Traditional features within period homes

As an architect and designer of home extensions in London & Brighton, we have a strong appreciation for the traditional features that are found within period properties. Historical architecture is arguably more detailed and far more intricate in detail then modern-day design. Modern design often boasts clean lines and simplicity. Architecture in the Edwardian, Victoria and Georgian era favoured complex cornicing and ceiling roses. 

The developers of Victorian homes were born during the Industrial Revolution. The industrial revolution enabled mass production of new features and mass transit (the railroad system), which meant ornamental architectural features suddenly become much more readily available and affordable. For this reason, it’s common to see lots of brackets, spindles, scrollwork, and other machine-made building parts on these properties. 

Why re-design? 

While many homeowners, architects and designers appreciate these intricate features of period properties, the larger scale design of these properties feels outdated. Period properties were designed to have lots of enclosed rooms as they were designed before mass-central heating systems were used. Homeowners therefore relied on fires and chimneys to heat rooms. As a result, we see the typical three-room design within the ground floor or Victorian and Edwardian properties: the living room (often with a bay window facing the street), the dining room and the kitchen to the rear. These properties often have a side return leading to the garden. 

Why extend?

One of the main reasons homeowners chose to extend their property on the ground floor is to gain more liveable space. If you have a side return you will know it’s a highly inefficient space and it would be much better used encompassed within the kitchen. The other reason homeowners chose to extend is to re-design their home to suit their lifestyle. With central heating systems and more effective insulation, heating the home is no longer such an issue. Open plan living is often the preferred design choice, creating a lighter and more social multi-functional area. It’s also more desirable to have natural light within the home and there are loads of effective modern methods to encourage more of it within the home now too. 

Can I keep my traditional features?

Yes absolutely! We love traditional features and often use them to enhance and complement our designs. Some homeowners want to remove chimney breasts for more space, but many want to keep them and work them into the design. You can always opt to remove one or two if they are interrupting your design, but to maintain others to keep that period home aesthetic. There are loads of design options!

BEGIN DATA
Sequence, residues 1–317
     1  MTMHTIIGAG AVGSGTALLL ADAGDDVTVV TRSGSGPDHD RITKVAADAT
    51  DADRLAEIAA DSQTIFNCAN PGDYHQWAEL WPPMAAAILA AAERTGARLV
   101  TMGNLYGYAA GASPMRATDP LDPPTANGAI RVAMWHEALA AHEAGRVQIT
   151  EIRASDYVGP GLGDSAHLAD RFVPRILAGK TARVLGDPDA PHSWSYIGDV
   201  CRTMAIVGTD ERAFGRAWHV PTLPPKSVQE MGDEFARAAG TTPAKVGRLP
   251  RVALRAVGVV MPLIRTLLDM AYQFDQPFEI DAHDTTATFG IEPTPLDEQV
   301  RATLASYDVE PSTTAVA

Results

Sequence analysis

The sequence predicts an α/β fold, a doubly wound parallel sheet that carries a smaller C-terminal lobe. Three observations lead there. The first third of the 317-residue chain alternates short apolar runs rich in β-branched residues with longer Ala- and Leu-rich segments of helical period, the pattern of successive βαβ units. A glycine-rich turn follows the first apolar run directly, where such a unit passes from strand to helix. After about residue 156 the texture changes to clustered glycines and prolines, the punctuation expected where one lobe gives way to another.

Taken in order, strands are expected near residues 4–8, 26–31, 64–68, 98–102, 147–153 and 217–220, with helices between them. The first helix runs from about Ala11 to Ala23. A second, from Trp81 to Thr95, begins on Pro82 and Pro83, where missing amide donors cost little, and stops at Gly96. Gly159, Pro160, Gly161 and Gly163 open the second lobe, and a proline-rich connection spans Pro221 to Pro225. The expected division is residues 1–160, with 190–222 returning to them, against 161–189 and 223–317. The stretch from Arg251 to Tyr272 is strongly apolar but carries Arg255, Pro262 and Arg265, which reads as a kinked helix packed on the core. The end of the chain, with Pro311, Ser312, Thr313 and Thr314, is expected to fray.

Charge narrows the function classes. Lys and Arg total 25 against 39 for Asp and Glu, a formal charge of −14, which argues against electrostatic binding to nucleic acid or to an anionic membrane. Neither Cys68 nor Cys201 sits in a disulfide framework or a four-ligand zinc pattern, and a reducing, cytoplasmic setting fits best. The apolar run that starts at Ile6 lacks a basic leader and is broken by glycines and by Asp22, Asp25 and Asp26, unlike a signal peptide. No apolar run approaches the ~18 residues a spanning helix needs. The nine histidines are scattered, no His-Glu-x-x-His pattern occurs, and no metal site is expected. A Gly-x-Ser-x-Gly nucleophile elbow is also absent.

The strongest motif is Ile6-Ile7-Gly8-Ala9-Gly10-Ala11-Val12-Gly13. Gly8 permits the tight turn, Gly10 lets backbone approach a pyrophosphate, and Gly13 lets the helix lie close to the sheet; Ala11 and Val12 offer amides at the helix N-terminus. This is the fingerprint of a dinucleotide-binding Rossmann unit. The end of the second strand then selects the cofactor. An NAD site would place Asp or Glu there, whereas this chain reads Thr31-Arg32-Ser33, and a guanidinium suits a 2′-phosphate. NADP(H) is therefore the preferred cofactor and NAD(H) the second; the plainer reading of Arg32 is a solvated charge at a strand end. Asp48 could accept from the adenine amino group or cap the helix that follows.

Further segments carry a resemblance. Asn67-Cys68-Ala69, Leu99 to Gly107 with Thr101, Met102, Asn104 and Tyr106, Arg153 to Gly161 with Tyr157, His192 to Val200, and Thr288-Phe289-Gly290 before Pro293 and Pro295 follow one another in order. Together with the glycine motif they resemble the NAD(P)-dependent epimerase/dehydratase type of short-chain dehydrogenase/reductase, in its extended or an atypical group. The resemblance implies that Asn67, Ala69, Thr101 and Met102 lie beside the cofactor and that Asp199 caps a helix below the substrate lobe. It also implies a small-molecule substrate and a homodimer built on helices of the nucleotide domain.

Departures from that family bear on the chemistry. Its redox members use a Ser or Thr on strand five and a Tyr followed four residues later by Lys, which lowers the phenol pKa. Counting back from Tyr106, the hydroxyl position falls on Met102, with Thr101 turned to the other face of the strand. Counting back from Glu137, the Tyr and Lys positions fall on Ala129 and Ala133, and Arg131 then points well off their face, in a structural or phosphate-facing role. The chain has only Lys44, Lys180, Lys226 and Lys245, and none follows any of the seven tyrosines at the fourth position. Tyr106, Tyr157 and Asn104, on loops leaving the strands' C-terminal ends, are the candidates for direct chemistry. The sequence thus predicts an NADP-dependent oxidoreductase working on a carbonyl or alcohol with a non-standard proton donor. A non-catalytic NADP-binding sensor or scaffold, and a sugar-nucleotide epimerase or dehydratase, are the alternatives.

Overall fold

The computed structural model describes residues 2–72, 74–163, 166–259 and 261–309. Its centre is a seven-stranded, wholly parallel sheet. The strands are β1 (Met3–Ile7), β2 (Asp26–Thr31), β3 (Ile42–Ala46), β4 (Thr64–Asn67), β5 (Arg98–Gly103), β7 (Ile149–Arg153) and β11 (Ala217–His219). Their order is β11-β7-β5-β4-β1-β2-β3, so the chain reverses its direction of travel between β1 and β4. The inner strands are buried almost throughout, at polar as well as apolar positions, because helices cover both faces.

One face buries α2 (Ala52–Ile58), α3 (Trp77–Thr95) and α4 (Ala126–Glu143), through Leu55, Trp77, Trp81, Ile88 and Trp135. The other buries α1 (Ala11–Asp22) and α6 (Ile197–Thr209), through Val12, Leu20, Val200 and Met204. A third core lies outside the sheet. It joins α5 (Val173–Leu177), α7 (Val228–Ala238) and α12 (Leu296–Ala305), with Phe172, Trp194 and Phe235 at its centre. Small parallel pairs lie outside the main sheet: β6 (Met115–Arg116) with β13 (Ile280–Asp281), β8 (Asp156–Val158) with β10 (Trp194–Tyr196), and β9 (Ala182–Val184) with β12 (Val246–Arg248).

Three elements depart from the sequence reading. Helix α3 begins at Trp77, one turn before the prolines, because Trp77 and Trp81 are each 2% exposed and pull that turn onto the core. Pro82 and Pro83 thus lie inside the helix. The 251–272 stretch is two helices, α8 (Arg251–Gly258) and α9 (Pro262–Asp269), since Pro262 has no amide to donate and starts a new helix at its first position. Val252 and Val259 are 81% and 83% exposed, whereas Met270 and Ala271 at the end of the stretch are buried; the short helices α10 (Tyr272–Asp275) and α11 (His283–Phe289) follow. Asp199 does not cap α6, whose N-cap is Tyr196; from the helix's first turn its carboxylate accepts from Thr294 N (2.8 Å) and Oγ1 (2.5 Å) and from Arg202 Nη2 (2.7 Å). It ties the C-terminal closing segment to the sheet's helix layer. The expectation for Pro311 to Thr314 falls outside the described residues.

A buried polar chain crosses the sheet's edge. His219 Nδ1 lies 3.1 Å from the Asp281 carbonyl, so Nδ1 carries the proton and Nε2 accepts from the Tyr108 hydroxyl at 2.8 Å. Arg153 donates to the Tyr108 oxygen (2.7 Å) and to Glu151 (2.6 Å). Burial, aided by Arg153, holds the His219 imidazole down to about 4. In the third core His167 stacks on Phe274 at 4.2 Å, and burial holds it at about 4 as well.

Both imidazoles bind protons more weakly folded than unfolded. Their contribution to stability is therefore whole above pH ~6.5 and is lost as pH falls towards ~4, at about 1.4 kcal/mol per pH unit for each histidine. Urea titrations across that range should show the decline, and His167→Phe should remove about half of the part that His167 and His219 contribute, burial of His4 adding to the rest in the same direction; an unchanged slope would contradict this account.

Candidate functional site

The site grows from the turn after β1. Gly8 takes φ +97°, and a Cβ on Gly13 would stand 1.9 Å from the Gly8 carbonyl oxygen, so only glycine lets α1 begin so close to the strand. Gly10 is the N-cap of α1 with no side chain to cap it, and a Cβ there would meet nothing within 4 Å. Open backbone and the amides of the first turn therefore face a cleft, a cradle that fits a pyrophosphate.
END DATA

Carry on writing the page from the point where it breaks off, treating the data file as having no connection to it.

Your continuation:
Cornicing can also be repaired, maintained, or removed depending on your preference and style. We recently installed these beautiful ceiling roses on our project in Ealing. This extension is almost all new space so there was very little existing cornicing to work with. The property was in a conservation area, so we were also sensitive in our proposed loft conversion to ensure the council approved our planning application to extend.

Why extend into the loft?

Most period properties have been designed with pitched roofs. In most cases these can be extended with a loft extension. Most planning policy will restrict modifications to the front façade, so the extension is generally to the rear pitch. You open the rear slope of the roof and add a box on-top, also known as a ‘dormer’ on the rear of the property. This opens the room and gives it the traditional flat ceiling, enabling the room to be used as a bedroom, office, or study. If the property has an existing outrigger, you can even add a double dormer, adding two bedrooms to the property. We extended the loft of this family home in Wandsworth and added two spacious bedrooms and a bathroom, taking the property from a 3-bed to a 5-bed. 

Can your builder restore other traditional features?

Yes absolutely! While you’ve got the builders in it’s often a good excuse to refurbish or re-do work elsewhere in the property. Our recommended builder often adds scope of works elsewhere. It’s common to re-do windows, especially if the property has the original windows from when it was built. Building regulations mandates double glazing now so the new windows would be much quieter and safer.

Our builder recently built this side extension on the Southfield’s grid in Wandsworth. He took great care and time in re-purposing the bricks so that the new extension seamlessly transitions into the original brick façade of the property. Another shining example of how traditional features can be used to compliment a design! 

If you want to discuss your own project in more detail get in touch with our team today on 0207 043 2378 or email us at We look forward to hearing from you! 

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